Which they didn’t do with this announcement, just to be clear. They’re just implementing a new process for the investigations. They are not labeling anyone as terrorists. Even the people who are perpetrating these attacks. Since I heard this analogy more than five years ago, I’ve been using it. And there are groups of people with part carriers off the coast, and they are sending missions against our critical infrastructure, including hospitals on a daily basis, on a hour by hour basis.
I believe this is a federal problem. In fact, I believe by definition, this is why we have a federal government is to protect us from attacks such as this. All right. I don’t want to spend too much time on that. Let’s get constructive on this topic. I don’t know your health system or your particular strategy at this point, but this is your number one priority.
There is nothing more important on your agenda. I hate doing these stories to be honest with you, because when I do these stories on the show, when I mentioned cyber in the title, You don’t download and listen to them. Seriously. There’s like a 20% drop when the title has anything to do with cybersecurity. It’s like, you’re taking an approach of, if you don’t acknowledge it, it doesn’t exist.
This almost assures that I will keep reporting on hospitals being ransomed And I hope all of you will know shortly. It is real. It is happening and it is happening with more frequency. If I were a CEO today. I might stand up a group within the house of some that is reviewing our overall plan and response.
How are we at detection, response and recovery to a ransomware attack, the team would have it on it, but it would also have clinical and administrative leadership. I might even make this a mandatory executive level meeting, not the kind of meeting where you, you put the CIO on and then they put their subordinates on, but one that they have to participate, they have to be on the, , group that we’re putting together.
What I would want this group to look like is people who are serious, who really understand this issue. I put hospital CEOs on it. I put the CIO on it. Clinical leadership. Think of this as a hurricane is bearing down on your health system and
you have to ensure continuity of care in your community. What’s the agenda for the first meeting while the Charter’s pretty obvious. Don’t spend too much time on this. It is to ensure that the health system can protect and respond to cyber attacks in order to ensure the continuity of care to the community. Okay. Now move on.
What are some things I’d want to know? What’s our level of preparedness today? What happens if we were ransomed this afternoon? And I would ask that question. What would happen if we were ransom this afternoon? Are we ready? Do our normal response procedures take into account the things that are happening in our world today.
Second thing. How do we objectively assess our preparedness? What do we need to know as a group today to know if we are really prepared for this, do you need outside help to look at this? Do you need somebody to come in and do tabletop exercises? Do you need somebody who has been through this before? Who can help you to navigate it?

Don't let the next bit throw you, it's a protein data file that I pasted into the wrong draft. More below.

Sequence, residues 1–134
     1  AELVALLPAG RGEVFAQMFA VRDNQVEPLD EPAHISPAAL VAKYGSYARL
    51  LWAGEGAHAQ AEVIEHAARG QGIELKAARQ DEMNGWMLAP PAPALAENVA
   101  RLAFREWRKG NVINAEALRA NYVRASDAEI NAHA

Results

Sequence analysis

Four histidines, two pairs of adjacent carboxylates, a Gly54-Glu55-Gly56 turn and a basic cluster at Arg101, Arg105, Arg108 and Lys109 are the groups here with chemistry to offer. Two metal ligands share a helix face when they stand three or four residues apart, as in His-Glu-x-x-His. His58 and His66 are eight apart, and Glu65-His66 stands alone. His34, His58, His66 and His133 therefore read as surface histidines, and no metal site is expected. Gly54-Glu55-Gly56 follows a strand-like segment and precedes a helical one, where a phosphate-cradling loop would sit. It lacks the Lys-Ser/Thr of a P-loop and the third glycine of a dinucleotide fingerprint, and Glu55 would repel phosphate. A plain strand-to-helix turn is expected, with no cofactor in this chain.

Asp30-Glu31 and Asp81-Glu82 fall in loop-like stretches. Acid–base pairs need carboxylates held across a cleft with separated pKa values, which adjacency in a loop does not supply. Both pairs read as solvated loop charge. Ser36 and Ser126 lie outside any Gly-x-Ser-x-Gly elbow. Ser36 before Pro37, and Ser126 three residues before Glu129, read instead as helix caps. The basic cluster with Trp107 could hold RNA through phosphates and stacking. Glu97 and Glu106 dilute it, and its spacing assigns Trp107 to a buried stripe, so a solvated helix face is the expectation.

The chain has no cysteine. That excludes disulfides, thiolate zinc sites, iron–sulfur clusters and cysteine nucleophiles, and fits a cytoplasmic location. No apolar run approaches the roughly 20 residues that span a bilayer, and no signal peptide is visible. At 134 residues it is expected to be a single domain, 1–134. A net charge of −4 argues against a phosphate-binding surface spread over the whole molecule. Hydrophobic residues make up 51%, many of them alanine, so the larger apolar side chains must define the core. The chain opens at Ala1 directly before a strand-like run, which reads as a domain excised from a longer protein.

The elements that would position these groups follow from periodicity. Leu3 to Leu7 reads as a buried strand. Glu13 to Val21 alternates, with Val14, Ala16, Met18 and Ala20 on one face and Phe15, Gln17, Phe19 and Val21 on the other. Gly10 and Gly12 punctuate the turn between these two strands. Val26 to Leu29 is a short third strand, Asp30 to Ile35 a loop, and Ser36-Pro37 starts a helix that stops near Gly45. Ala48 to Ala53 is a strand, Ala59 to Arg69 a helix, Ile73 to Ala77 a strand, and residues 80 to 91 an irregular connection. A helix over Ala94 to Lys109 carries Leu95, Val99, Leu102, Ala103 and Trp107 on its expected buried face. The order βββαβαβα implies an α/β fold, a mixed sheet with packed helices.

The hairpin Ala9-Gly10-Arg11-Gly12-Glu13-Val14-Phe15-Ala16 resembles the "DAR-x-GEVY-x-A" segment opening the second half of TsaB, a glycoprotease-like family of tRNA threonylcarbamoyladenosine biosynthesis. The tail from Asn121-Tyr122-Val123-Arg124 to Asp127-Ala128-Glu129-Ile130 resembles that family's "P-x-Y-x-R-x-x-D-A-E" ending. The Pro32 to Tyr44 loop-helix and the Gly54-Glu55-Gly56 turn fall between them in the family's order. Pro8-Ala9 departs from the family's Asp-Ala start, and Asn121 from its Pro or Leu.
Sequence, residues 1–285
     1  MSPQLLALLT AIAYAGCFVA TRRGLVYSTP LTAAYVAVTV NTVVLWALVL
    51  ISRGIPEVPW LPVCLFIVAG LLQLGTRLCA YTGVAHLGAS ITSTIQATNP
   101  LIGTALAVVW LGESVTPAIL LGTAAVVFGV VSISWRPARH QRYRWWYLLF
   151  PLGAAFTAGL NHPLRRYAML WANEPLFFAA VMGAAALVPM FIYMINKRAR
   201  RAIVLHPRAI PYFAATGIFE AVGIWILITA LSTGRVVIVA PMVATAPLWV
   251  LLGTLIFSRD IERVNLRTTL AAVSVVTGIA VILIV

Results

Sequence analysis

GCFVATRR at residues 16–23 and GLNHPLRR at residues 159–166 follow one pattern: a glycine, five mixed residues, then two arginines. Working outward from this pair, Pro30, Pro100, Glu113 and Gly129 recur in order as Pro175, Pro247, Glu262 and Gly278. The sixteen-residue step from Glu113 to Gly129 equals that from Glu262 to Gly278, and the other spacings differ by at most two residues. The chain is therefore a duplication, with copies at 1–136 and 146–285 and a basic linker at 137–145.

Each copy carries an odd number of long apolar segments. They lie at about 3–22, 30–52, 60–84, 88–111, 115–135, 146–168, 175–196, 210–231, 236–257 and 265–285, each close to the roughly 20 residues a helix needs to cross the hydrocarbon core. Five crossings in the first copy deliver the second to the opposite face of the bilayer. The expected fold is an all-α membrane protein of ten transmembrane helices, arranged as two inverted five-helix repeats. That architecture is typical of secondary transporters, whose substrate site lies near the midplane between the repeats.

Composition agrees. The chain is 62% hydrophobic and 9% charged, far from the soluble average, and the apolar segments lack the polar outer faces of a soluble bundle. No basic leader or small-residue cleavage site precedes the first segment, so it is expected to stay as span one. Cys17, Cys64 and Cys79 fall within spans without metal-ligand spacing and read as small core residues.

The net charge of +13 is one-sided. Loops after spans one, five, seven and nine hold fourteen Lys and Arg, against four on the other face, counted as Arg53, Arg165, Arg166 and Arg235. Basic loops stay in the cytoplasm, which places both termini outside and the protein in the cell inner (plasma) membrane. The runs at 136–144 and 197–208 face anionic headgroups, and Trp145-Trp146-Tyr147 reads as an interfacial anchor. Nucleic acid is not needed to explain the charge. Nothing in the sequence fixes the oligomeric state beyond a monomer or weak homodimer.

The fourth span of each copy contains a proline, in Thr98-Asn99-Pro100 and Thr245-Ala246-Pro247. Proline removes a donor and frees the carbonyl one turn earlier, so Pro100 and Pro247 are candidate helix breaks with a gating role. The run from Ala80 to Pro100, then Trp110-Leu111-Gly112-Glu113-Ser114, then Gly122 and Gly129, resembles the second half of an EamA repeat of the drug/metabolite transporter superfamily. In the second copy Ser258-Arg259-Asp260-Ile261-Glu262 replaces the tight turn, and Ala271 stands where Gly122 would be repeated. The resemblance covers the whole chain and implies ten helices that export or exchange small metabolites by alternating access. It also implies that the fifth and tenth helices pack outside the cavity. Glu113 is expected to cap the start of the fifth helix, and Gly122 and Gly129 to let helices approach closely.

The next thing, are we ready? What preparations do we need to make today? What capabilities do we need to have in order to respond to these things? And are we operating as an organization at the right level of awareness? Who needs to be involved. For its role, you are the century. How likely is an attack. What is the threat landscape?
What is the plan to detect? What’s the plan to respond? What’s the plan to recover? I mean, there’s a whole section of this that you are responsible for and you should have good answers.
If I were a CEO of a health system today, I would escalate this, meaning our response to a cyber attack and specifically a ransomware attack today to our number one priority. In fact, if I were a board member, I might suggest to our CEO to consider this action as well. I would want to have an initial meeting with my it team
around cybersecurity to determine if we were ready, do the answers, give me confidence that we can detect, respond and recover from this type of attack. . I was still form a system-wide group to elevate this priority to an all hands level within the health system. Everyone is involved in preparing for this attack.
I would stay on top of this until I had a defensible position for the statement that we did everything we could to ensure the continuity of care in our community in the event. Of a ransomware attack. All right. That’s all for today. If you know someone that might benefit from our channel, please forward them a note. They can subscribe on our website this week, health.com or wherever you listen to podcasts, apple, Google, overcast, Spotify, Stitcher,